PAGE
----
Weeds are every gardener’s little clumps of nightmare. They stick out in the worst of places and have the sturdiness we wish our landscaping plants had. However, before you think about weeds as an eye sore, here’s how to make the best of weeds in your garden.
A flowering plant that can grow up to 12 inches with bright yellow flowers that bloom in the day, did you know Dandelion can be eaten? Dandelion leaves containing vitamins A, B, C, D, K and minerals potassium and zinc can be used in salads and sandwiches. The roots can even be used as a coffee substitute!
Red clover can make an easy substitute for your tea and give relief to symptoms brought about by menopause. Using the dried flowers, a teaspoon or two can be steeped in hot water for your red clover tea. It can also be used as a topical treatment for some skin diseases such as psoriasis by making an infusion. The flowers can also be added to salads.
A hardy weed that might be your next favorite salad ingredient, plantain leaves are best eaten while it’s still small and tender. The shoots also lend an asparagus-like taste when fried in olive oil. Just like dandelion, it also has loads of vitamins and minerals that can rival your regular salad ingredient.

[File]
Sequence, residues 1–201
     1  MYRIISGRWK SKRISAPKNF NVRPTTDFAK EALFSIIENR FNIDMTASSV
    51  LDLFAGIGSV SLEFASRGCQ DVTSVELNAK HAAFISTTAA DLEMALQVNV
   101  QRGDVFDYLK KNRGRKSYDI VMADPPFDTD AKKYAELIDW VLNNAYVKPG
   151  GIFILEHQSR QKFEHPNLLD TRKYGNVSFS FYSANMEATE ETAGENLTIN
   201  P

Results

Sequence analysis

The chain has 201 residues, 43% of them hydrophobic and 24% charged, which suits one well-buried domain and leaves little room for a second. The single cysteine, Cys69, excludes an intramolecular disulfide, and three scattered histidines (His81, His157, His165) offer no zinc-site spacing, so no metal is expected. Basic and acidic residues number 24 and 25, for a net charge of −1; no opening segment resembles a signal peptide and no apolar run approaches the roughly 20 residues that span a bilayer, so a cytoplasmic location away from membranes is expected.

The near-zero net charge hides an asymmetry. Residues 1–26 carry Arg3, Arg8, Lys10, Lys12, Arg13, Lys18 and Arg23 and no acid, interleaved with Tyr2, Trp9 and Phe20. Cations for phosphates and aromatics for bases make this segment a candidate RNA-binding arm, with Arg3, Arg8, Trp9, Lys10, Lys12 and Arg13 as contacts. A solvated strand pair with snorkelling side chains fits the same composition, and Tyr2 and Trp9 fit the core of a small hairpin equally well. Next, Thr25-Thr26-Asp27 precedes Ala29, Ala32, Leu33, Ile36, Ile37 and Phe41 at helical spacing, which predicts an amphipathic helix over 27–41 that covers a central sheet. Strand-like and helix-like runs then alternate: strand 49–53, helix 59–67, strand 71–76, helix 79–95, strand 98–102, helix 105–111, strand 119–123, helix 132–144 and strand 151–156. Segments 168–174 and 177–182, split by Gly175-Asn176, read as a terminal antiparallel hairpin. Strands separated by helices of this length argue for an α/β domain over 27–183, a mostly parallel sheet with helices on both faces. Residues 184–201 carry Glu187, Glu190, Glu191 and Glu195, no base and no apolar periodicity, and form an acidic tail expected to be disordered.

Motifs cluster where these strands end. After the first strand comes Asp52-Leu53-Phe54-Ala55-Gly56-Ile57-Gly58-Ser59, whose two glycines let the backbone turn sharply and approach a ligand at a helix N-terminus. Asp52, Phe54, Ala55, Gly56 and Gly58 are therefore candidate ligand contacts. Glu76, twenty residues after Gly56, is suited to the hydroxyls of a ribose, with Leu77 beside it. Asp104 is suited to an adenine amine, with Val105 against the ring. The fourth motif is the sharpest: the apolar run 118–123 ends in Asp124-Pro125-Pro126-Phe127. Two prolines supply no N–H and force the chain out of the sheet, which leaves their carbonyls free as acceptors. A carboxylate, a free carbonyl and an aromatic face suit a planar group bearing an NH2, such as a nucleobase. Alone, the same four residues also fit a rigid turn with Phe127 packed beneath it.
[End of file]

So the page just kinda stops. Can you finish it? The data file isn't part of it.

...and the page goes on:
It’s easy to see why stinging nettle isn’t a garden favorite. However, with the weed rich in protein, vitamins and minerals, you might want to think twice before pulling it out with all your might. Instead of weeding it out, you can harvest its leaves and substitute it for spinach.
Another spinach-substitute, lamb’s quarters usually loves to sprout in sidewalks. While the older leaves usually get riddled with disease, the young leaves make for a great salad or stew ingredient. As for taste, some say it’s a cross between spinach and Swiss chard. Now how about the taste of two green leafy vegetables for free?